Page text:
Browse Prior Art Database

MICROELECTROMETER RASTER INPUT SCANNER

IP.com Disclosure Number: IPCOM000024720D
Original Publication Date: 1981-Oct-31
Included in the Prior Art Database: 2004-Apr-02
Document File: 4 page(s) / 172K

Publishing Venue

Xerox Disclosure Journal

Abstract

A microelectrometer Raster Input Scanner (RIS) offers an opportunity for better image quality by detecting the image prior to the development step, offers a more facile architecture for a laser to provide a triple function, (i.e., RIS, Raster Output Scanning or ROS and copying), and simplifies the asynchronous transceiver op-portunities since the xerographic development subsystem need not be run in an asynchronous mode. Implementation requires focus on the following areas:

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XEROX DISCLOSURE JOURNAL

MICROELECTROMETER RASTER INPUT SCANNER
James C. Stoffel
Geoffrey M. Foley
Richard H. Tuhro

Proposed Classification US. Cl. 358/294
Int. C1. H04n 1/02

SELECTOR

/4 FIG 2

"I f

12

Volume 6 Number 5 September/October 1981 29 1

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MICROELECTROMETER RASTER INPUT SCANNER (Cont'd)

A microelectrometer Raster Input Scanner (RIS) offers an opportunity for better image quality by detecting the image prior to the development step, offers a more facile architecture for a laser to provide a triple function, (i.e., RIS, Raster Output Scanning or ROS and copying), and simplifies the asynchronous transceiver op- portunities since the xerographic development subsystem need not be run in an asynchronous mode. Implementation requires focus on the following areas:

1. transit times for discharge of small local areas of the photoreceptor;

2. distance requirements, photoreceptor to microelectrometer;

3. microphonics problems;

4. problems of large area capacitive sensing small, localized discharge current as well as defective current flow due to photoreceptor drum rotation, etc.; and

5. detection of design of 'Yaserless" microelectrometer RIS.

An analysis of issues 1 and 2 leads to the following conclusions:

1. Alloy photoreceptors provide sufficiently fast transit times to enable high resolution image detection without expensive deconvolution.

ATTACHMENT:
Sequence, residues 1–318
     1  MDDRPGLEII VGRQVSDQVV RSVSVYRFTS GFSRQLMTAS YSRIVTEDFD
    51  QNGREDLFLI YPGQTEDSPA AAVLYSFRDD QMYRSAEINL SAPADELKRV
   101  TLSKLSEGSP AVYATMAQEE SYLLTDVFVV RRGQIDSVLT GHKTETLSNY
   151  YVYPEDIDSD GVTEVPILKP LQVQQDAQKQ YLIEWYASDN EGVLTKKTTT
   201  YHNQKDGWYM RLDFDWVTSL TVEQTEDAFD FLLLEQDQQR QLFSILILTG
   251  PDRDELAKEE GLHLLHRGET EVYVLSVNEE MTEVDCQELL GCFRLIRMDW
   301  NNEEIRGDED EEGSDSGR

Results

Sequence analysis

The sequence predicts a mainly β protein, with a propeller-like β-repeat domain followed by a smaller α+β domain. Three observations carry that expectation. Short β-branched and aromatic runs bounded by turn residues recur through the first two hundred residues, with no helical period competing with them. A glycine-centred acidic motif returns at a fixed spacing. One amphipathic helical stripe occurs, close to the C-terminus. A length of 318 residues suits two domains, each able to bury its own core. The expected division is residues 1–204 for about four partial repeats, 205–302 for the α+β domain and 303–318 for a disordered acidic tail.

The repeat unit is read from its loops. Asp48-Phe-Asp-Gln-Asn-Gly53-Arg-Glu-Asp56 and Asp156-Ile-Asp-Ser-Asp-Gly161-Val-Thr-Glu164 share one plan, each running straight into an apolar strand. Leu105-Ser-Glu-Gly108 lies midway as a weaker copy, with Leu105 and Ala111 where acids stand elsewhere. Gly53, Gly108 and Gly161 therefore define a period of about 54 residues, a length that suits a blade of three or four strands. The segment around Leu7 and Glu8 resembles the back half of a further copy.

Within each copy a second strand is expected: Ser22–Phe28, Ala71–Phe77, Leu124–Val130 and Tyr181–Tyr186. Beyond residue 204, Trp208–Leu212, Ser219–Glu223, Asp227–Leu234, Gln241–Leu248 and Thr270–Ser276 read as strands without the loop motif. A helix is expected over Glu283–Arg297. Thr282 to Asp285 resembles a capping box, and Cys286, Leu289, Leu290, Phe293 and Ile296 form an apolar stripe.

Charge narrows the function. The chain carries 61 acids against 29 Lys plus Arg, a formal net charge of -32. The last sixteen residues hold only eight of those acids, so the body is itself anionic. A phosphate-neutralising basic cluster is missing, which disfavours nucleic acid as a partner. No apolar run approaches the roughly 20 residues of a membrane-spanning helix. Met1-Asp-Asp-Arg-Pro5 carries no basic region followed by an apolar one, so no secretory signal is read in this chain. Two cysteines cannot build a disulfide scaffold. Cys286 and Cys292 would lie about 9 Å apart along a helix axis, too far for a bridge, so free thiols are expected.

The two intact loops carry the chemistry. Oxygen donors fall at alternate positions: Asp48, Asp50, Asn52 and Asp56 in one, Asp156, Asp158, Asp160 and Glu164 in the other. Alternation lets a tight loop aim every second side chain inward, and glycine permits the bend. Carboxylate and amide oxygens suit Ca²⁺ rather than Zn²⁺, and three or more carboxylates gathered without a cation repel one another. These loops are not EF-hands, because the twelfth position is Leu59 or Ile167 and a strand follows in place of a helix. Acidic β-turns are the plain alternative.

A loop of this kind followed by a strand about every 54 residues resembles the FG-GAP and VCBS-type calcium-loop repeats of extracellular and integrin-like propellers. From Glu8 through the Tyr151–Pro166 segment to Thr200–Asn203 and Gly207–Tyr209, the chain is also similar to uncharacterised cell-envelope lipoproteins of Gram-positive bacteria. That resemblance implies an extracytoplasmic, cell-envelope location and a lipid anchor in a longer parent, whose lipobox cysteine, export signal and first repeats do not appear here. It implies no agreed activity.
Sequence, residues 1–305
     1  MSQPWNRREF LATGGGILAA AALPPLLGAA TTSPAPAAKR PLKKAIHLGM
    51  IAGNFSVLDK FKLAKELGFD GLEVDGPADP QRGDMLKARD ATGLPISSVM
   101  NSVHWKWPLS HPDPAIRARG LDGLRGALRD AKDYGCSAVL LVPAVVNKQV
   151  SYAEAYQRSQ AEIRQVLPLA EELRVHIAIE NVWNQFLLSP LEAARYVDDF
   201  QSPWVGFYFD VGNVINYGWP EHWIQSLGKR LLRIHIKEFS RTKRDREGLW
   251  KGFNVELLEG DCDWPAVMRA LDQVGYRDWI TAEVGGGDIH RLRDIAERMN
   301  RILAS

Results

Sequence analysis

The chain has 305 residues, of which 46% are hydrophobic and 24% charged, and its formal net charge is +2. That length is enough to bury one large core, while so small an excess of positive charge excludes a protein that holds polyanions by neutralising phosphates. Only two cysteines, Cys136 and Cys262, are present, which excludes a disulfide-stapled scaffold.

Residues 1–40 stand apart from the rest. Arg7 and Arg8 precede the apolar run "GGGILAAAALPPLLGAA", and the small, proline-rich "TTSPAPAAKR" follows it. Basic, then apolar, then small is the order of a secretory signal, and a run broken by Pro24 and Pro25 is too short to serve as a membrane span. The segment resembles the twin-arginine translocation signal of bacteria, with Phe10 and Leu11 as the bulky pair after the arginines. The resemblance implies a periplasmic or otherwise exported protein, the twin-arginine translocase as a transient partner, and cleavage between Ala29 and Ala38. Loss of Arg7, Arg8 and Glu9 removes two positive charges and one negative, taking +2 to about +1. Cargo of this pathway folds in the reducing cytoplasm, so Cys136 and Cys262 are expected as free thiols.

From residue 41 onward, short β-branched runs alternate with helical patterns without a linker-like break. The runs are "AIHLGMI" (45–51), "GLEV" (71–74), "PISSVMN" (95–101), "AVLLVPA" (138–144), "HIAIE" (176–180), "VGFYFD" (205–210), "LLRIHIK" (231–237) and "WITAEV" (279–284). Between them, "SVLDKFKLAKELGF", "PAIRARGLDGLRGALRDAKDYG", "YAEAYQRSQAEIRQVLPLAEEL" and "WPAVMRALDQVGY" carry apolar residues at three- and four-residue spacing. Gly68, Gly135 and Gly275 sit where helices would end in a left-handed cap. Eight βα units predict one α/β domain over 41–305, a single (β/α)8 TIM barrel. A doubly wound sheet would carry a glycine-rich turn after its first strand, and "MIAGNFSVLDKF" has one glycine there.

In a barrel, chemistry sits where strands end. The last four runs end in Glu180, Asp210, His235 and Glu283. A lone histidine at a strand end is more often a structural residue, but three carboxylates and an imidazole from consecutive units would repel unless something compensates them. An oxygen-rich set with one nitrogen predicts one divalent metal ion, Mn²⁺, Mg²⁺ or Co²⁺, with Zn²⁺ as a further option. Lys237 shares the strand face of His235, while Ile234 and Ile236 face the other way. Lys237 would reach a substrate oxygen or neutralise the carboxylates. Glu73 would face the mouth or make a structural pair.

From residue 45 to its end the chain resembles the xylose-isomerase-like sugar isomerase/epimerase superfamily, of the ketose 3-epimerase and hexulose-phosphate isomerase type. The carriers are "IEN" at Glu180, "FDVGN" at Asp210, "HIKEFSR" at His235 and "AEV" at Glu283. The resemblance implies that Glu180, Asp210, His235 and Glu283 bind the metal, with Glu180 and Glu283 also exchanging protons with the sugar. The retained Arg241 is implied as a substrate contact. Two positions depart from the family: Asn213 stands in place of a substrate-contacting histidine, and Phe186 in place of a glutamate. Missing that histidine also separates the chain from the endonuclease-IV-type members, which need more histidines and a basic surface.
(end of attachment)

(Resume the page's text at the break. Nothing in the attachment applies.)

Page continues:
2. The photoreceptor to microelectrometer distance must be very small. However, a readhead may be placed on a flexible substrate which may then run in contact with the drum and exploit the electrostatic force to maintain contact and conform to the surface of the drum. Standard xerographic drum lubricants will enable long life.

Issues 3 and 4 are primarily concerned with the fundamental design of a microelectrometer.

Figure 1 shows the fundamental concept of a segmented microelectrometer 5 for use as an image pickup head, which is easily fabricated on a Mylar or equivalent substrate 6. Microelectrometer 5 is fundamentally a linear array of small capacitors 8 electrically connected through a selector switch 9 to a high impedance differential op amp 10 which then completes the circuit to the photoreceptor drum 12 of a xerographic system. Microelectrometer 5 therefore, can detect discharge current at isolated pixel regions of photoreceptor 12. By segmenting the capacitive pick-up head, a number of advantages are achieved. First, the effects of small capacitor discharge in parallel with the large area capacitor of the photoreceptor is eliminated. Secondly, the effects of photoreceptor drum rotation are localized to those of the specific pixel under investigation. Thus, for very short dwell times, errors are minimized.

    XEROX DISCLOSURE JOURNAL Volume 6 Number 5 September/October 1981

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MICROELECTROMETER RASTER INPUT SCANNER (Cont'd)

Fabrication of the segmented microe...